If you’ve ever worked with children, this question is sure to set off plenty of alarm bells. You know exactly where this conversation is headed. You can see it barreling toward you like a freight train at full speed. Yet, no matter how you answer, the child will always follow-up your response with another, “But why?”, “But why?”, “But why?” It’s like getting caught in a time loop.
Still, there’s a grain of wisdom to be gleaned from this exasperating experience. Children are curious by nature, and the way our culture answers questions has drastically changed. Teachers were once the best resource for disseminating knowledge. Now, Siri, smartphones, and high-speed internet have cornered the market on information. “But why?” has transformed into a much bigger question.
As educators, it’s our responsibility to help students discover the “why” in “but why?” Answers mean nothing if you don’t understand them. It’s important that students not only understand their conclusions but recognize how those conclusions were reached. You can accomplish this through a learning process called CER: Claim, Evidence, and Reasoning.
All knowledge begins with a claim. In technical terms, a claim is a statement which answers an investigation question. This may sound simple, but in practice, it gets a little complicated. This is partially because students don’t always make claims which answer the investigation question they’re pursuing. For example, if the investigating question read:
“What is the effect of the number of turns of wire on the strength of an electromagnet?”
A proper claim would sound something like:
“I claim that increased strength of the electromagnet is a result of increasing the number of windings around the nail.”
Answers which deviate from the main point of the lesson (such as hypothesizing that the wires will melt or snap) can be useful but don’t address the actual question. When helping students write a claim, remind them to always connect back to the question.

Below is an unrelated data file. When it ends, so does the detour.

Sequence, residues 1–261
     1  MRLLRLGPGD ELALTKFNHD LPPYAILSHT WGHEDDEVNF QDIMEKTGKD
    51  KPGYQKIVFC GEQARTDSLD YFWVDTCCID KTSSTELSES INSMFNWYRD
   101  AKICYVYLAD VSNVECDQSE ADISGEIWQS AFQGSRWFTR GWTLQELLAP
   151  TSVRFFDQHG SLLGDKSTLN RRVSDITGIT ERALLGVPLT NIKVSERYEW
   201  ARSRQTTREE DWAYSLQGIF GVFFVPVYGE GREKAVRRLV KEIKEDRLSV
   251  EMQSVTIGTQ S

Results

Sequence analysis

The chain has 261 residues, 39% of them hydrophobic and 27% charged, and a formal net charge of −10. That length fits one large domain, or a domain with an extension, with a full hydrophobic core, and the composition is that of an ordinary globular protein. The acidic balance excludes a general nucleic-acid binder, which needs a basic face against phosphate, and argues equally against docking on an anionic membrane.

Once a student’s claim has been established the next step is to have them refer to their evidence. Evidence comes from analyzed data that is appropriate (specifically addresses the claim) and sufficient (enough analyzed data) to support their claim. Or, in layman’s, this means that their data should come from reliable sources and fair testing.
One helpful method for ensuring this happens is to have your students make meaning of their data by using a four-part data analysis prompt:
- Evaluate – Determine whether the data they are working with is trustworthy. This requires checking sources for possible bias and subjecting the evidence to repeated testing.
- Organize – Work with the data. Have students lay out their observations in a way that makes sense to them. They organize their data to help reveal patterns and trends. It may involve math (averaging, equations, etc..).
- Represent – Display the data. This is great place for students be creative. Allow your students choice in how they communicate the patterns and trends they identified.
- Interpret – What is the evidence telling them? What does the data mean? This will become their evidence to support their claim.
Your students have made a claim. They have assembled their evidence. Now, it’s time for them to defend their findings. The reasoning process is all about constructing an argument which shows how their evidence supports their claim. This breaks down into two parts;
Part 1: How was the evidence generated?
Have your students talk about how they conducted a fair test or what process they used to collect their data. The reason to do this is because we want kids to be creating their argument (and understanding their answers) around the quality of evidence they have generated to support their claim. The only way to accomplish this is by actually diving into the investigation and pulling out the solid facts. As a bonus, this process can also help your students develop confidence by having them to defend their findings.
Part 2: How does the science support your evidence and claim?
Again, for students to find support for their evidence, they need to interact with the science knowledge. This means familiarizing themselves with science theories, principles, and laws to support their conclusions. Remember, the students should always be the one doing the heavy lifting. This may sound like a lot of work to put on one pupil, but don’t let yourself be intimidated. Part of being an educator requires having confidence in your students and in the investigation. The work won’t be easy and the lessons my require refinement, but your students do have what it takes to tackle the scientific process.
There’s a whole journey of discovery waiting for them behind the question, “But why?” Get them started!
What about you? How do you build your students’ understanding of claim, evidence, and reasoning? Feel free to share your strategies in the comments below!
Content for this blog was drawn from the webinar Claim, Evidence, and Reasoning: Building Student Skills and Confidence in Developing Scientific Explanations with Marty Coon.